And while the natural scenery is a huge draw, Iceland’s location at the top of the world also means it’s one of the best places to see the northern lights. The aurora borealis are prevalent in Iceland from September-mid-April, which is why I planned my first trip to Iceland for December. Unfortunately though, a snow storm meant we were unable to hunt for the lights as we’d hoped to. Having since travelled to Tromso in Norway to witness the northern lights, I’ll say this- do whatever you can to see this natural light phenomena. Watching the lights dance across the night sky is something I’ll remember forever.
The Scandi Vibes
It’s no secret I love Scandinavia- in fact, as a region, it’s one of my favorite places in the world. Of course I enjoy the design aspects of simplicity, minimalism and functionality, but there’s also something to be said for what the Danes refer to as hygge. If you haven’t heard of hygge, it’s acknowledging a feeling or moment, whether alone or with friends, at home or out, ordinary or extraordinary as cosy, charming or special.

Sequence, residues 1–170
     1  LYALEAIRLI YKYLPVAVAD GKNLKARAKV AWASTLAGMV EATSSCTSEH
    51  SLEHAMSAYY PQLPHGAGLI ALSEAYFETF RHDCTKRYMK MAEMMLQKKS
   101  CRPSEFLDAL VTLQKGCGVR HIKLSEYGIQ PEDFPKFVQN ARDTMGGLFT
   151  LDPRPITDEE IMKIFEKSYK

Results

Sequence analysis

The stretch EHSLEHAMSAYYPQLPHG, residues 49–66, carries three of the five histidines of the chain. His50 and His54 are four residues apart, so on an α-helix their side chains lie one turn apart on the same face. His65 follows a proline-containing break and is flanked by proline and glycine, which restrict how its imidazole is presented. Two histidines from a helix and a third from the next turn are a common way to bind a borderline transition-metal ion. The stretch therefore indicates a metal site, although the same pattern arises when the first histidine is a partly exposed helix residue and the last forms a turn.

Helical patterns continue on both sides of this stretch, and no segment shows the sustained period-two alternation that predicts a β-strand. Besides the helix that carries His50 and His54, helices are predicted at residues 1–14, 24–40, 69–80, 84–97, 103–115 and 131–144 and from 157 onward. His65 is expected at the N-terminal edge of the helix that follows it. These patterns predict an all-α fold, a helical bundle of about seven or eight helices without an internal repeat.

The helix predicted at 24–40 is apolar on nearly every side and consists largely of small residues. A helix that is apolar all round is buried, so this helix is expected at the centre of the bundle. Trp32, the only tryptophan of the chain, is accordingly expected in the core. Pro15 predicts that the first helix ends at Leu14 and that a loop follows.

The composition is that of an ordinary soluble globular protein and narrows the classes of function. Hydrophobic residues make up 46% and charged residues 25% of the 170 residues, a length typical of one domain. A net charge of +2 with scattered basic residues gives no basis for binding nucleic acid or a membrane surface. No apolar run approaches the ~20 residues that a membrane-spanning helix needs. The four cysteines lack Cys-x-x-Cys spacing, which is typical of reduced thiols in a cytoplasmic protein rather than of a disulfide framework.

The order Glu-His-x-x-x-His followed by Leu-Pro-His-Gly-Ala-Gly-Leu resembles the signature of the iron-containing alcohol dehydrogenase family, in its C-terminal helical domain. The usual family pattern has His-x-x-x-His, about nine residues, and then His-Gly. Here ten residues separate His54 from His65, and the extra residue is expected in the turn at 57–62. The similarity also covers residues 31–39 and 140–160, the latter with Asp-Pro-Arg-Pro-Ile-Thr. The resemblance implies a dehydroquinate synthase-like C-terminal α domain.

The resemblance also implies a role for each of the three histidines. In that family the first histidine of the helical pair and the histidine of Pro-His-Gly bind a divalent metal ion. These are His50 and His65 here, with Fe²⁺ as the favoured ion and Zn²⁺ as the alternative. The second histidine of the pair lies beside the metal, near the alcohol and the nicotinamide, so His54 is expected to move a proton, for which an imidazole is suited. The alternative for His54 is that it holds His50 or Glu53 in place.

Much like Denmark, Iceland excels at creating moments that feel very hygge. Whether cozied up in a cafe, with a hand-knit blanket, next to a roaring fire, lost in conversation with good friends; or listening to locals tell tales of faeries and trolls, while sampling local beers at a wood-carved bar; or even snuggled up in your hotel bed, watching the night sky twinkle from your room window, you’ll be hard-pressed to not feel a sense of hygge.
Further, as Iceland’s capitol, Reykjavik is one of the safest and happiest cities in the world. The city itself is colorful, full of quaint homes, cozy cafes, eclectic bars, shops packed with locally designed and handmade goods, and stunning street art. It’s artsy, but also traditional.
The Coffee Scene
Any city with hipster cafes is a city for me. Several years ago when I visited, Reykjavik’s coffee scene was burgeoning, and I’ve heard it’s gotten even better since then.
If you visit Iceland in the winter months, the cafes below are perfect for warming up over over a cuppa, and relaxing with good conversation or an interesting book.